Welcome to Night Float! In this series of special episodes, resident physicians take a break from the demands of their days (and nights) to offer information, guidance, and support to medical students and to share their residency experiences. Fourth year medical students are currently in the heart of residency interview season, and they are doing all they can to secure a position through the residency match process. In the first episode of Night Float, Dr. Desiré Christensen (R2: Psychiatry) and Dr. Matt Maves (R1: Pediatrics) discuss their interview experiences and offer suggestions about how to prepare.
AAMC Careers in Medicine – Careers in medicine is a resource designed to assist medical students in choosing a specialty and navigating the residency match process in a strategic way.
Doximity – Doximity is a network of physicians and medical students.
FREIDA – FREIDA is the AMA Residency & Fellowship Database.
We Want to Hear From You
What are your residency interview stories? What suggestions do you have for medical students preparing to match? Medical students, what questions do you have about the residency application process?
Dave, John Pienta, Mark Moubarek, Matt Maves, and Levi Endelman are aware that the world is full of questions. Nowhere is that more true than on the saddest place on the Internet, Yahoo! Answers. There folks ask the kinds of things that a primary care physician might have to answer. Is removing a layer of skin with a razor a good way to get rid of acne scars? What could be the cause of blisters on one’s lips after kissing one’s dog? How much milk should one use in one’s bath? There are no stupid questions.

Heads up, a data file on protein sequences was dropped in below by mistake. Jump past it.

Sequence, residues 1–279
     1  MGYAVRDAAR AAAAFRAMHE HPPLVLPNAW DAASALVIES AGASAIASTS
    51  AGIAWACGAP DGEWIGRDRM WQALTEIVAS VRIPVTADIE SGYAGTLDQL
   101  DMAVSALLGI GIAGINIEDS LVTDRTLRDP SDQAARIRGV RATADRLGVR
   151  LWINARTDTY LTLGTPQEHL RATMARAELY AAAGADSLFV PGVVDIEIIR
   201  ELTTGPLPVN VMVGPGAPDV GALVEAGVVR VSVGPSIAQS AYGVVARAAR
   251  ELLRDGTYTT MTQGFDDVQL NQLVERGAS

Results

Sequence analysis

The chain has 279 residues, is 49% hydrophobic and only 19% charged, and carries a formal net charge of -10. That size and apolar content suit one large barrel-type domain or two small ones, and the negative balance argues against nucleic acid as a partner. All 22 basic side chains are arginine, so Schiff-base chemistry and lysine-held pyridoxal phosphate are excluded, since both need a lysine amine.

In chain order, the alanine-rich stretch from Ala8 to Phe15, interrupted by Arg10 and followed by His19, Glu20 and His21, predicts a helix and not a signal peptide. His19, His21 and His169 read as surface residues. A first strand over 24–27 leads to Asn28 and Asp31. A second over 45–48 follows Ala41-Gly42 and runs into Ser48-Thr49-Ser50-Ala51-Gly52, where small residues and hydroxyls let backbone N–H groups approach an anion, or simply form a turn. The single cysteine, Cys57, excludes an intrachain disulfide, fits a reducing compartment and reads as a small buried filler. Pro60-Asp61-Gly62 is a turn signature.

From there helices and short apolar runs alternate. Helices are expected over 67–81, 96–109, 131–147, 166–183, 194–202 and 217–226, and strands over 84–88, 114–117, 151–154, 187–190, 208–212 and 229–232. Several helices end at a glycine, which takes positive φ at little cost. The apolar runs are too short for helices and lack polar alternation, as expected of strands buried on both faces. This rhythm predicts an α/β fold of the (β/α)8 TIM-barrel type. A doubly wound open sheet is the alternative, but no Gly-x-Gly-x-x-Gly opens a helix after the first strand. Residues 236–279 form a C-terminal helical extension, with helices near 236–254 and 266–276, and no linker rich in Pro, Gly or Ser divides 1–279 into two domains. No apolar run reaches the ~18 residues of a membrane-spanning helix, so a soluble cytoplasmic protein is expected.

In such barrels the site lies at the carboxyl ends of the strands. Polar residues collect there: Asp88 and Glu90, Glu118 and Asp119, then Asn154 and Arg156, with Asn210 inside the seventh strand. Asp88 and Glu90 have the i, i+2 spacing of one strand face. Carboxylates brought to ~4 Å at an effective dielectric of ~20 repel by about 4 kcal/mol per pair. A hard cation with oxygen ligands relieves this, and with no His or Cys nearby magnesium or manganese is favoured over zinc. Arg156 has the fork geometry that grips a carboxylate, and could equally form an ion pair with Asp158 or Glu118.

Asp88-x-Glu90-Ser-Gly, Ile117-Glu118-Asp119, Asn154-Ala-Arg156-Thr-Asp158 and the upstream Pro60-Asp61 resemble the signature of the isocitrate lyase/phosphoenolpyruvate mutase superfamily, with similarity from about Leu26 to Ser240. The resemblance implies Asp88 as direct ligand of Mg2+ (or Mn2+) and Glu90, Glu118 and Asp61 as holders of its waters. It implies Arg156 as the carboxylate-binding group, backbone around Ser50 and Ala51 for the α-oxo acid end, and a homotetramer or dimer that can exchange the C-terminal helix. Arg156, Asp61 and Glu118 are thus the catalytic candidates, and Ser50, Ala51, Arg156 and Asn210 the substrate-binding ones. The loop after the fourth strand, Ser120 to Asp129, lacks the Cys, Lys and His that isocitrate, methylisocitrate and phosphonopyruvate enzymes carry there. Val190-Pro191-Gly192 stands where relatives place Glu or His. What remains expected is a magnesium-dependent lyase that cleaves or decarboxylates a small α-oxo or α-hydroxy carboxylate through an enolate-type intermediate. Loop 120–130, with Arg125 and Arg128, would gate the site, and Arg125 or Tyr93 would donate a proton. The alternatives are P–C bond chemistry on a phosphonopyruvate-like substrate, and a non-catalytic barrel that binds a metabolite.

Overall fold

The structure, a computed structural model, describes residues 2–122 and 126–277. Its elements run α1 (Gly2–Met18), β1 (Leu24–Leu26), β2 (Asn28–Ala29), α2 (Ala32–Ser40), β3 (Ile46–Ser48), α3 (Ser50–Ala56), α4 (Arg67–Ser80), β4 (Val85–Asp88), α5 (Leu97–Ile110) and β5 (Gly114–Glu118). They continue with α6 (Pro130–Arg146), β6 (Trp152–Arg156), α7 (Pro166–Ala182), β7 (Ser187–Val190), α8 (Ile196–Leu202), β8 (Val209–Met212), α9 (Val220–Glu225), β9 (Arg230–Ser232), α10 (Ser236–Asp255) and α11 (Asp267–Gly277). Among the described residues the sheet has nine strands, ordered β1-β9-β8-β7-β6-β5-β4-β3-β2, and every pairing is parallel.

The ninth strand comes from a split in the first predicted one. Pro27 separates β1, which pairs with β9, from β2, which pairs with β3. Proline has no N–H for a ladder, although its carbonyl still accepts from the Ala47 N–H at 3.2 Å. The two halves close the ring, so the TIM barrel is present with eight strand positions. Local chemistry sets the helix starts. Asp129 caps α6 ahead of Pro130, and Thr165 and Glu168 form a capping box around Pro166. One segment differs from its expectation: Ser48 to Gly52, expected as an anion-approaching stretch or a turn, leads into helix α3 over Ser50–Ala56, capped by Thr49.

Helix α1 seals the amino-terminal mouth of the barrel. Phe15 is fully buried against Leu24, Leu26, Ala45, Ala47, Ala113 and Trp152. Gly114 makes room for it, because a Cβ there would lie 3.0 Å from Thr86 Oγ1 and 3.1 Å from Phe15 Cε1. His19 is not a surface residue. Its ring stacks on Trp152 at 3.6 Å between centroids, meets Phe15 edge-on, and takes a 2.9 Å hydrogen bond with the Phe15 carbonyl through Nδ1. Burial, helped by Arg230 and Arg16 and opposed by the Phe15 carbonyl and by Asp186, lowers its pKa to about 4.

But first, since Matt has returned from a year in Des Moines doing clerkships there, we discuss what that’s been like and the benefits of doing some clerkships outside a more academic setting. We also discuss the psychiatric disorder pica and the kinds of things people swallow on purpose (or by accident). Also we talk about drug maker Mylan’s difficulties with, well, everyone after we collectively realized they’re gouging patients who need epinephrine auto-injectors to keep themselves alive. Meanwhile, a company is offering a supplement that its CEO, a pioneering MIT aging researcher, and it’s Nobel-prize festooned board of scientific advisors say might just be a way to extend the human health span.
Our show this time was record in front of a remarkably appreciative audience at The Examined Life Conference, and it was a lot of fun. We talked with several presenters from the conference, including Gabriel Ledger an emergency physician who became a filmmaker when he decided he wanted to find out more about the patients he’d encountered in the ER. We spoke with Emily White, an Iowa undergrad who has been doing research on Dignity Therapy and who no doubt has a bright future in medicine. Toni Becker is a speech language pathology grad student whose portraiture and interviews of people with disabilities remind us of their significance. Susan Ball is associate director of the New York Presbyterian’s AIDS care center, and shared with us her experiences as a physician at the start of the AIDS epidemic. Continue reading The Examined Life Conference→
Cole Cheney, Matt Maves, Aline Sandouk and Dave talk about Cole’s revolutionary new idea to help antivaccers understand the consequences of their decision: create pop culture around everyday diseases! Yay! Write books, create movies, and television shows that deal with the issue! I’d watch a movie about measles in Disneyland, wouldn’t you? Continue reading 21 Mumps Street→